I know some of you are thinking that being angry all the time is no way to live, and I agree. I see no benefit in walking around with such heavy feelings on your shoulders. But anger should not exist in such a stigmatized place, where if it doesn’t come from someone like Mitt Romney (really just any rich white guy) is a sign of weakness or uncontrolled irrationality. Sometimes it’s even expected or part of the stereotype package, which complicates not only the situation, but also the willingness to act out on it. But anger is just as much a part of us as happiness or sadness. Anger is one of the emotions that begins to change things– it fuels push back and creates louder and louder voices.
The point is, anger is ours, whoever we are. While we dont deserve to be made angry, we do deserve to act out on that anger. We deserve our words, no matter how painful or sharp or filthy they can be. Because when someone who has never experienced racism, sexism, ableism, fat-shaming, slut-shaming, (or even has…) comes to us with a bunch of toxic vitriol on the very things that are lived realities, people can’t really act surprised when shit gets real.
I grew up hard and am still hard and I don’t care. I did not choose this face or this body and I have learned to live with it and love it and celebrate it and adorn it with tremendous drawings from the greatest artists in the world and I feel good and powerful like a nation that has never been free and now after many hard won victories is finally fucking free. I am beautiful and I am finally fucking free.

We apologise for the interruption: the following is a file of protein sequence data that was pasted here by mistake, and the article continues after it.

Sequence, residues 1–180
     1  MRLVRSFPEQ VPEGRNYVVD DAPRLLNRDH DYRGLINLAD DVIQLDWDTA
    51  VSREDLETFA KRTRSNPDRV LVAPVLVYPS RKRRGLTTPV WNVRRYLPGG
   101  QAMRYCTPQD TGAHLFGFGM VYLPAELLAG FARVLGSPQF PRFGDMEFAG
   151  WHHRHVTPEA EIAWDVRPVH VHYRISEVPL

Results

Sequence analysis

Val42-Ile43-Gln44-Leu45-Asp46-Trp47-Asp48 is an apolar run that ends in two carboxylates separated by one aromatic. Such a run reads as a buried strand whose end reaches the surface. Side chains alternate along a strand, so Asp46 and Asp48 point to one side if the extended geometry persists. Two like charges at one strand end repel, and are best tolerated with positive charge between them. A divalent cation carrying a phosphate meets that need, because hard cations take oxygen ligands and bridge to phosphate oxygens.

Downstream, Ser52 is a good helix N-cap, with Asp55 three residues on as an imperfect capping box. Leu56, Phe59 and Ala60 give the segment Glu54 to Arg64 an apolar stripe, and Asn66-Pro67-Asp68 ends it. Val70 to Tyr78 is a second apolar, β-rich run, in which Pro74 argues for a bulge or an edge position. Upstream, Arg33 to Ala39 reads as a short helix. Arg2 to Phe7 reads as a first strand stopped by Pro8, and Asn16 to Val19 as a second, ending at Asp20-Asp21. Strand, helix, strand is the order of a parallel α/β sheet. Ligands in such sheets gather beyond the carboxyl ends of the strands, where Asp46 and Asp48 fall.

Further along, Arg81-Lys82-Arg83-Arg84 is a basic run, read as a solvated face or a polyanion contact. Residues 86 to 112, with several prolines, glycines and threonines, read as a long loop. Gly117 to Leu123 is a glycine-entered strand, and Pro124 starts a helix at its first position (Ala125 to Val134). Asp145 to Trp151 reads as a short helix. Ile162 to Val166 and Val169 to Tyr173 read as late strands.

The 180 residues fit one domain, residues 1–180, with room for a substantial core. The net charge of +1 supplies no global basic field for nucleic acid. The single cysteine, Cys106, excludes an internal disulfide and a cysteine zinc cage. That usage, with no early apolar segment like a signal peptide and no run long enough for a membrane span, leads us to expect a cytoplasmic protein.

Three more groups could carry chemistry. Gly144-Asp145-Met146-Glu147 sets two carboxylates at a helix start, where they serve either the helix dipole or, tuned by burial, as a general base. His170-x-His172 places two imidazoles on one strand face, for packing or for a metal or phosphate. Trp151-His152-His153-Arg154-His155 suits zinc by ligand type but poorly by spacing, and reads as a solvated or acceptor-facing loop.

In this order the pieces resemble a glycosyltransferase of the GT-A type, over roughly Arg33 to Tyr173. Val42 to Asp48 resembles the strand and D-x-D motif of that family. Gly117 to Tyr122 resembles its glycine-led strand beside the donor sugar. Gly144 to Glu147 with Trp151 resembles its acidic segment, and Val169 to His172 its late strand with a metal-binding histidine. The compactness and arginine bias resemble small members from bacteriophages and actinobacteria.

I fly my flag of self esteem for all those who have been told they were ugly and fat and hurt and shamed and violated and abused for the way they look and told time and time again that they were “˜different’ and therefore unlovable. Come to me and I will tell you and show you how beautiful and loved you are and you will see it and feel it and know it and then look in the mirror and truly believe it. If you are offended by my anger and my might at defending my borders and my people you do not deserve entry into my beloved and magnificent country.
Margaret Cho helped me become the brassy-mouthed, take-no-shit bitch I’d always hoped I’d become. Sure, I don’t fill my full potential every day, but there is always a steady supply of people who will throw down assaults at who you inherently are. Sometimes they are so incredibly blatant and sometimes they are just ignorant phrases repeated over and over. Either way, we are allowed our anger. We are allowed to be mad. We don’t need permission. We don’t need anyone to sanction it. Frankly, part of me thinks that saying all this isn’t even necessary. But like Cho brilliantly says, “If you are offended by my anger and my might at defending my borders and my people you do not deserve entry into my beloved and magnificent country.” Sometimes, that might just be a place to start.
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[E]Coco Papy

Coco is a writer and burlesque performer. Born in the Deep South and based out of Brooklyn, New York, she performs and pens regularly, with gusto. You can catch more of her work at http://cocoepapy.tumblr.com/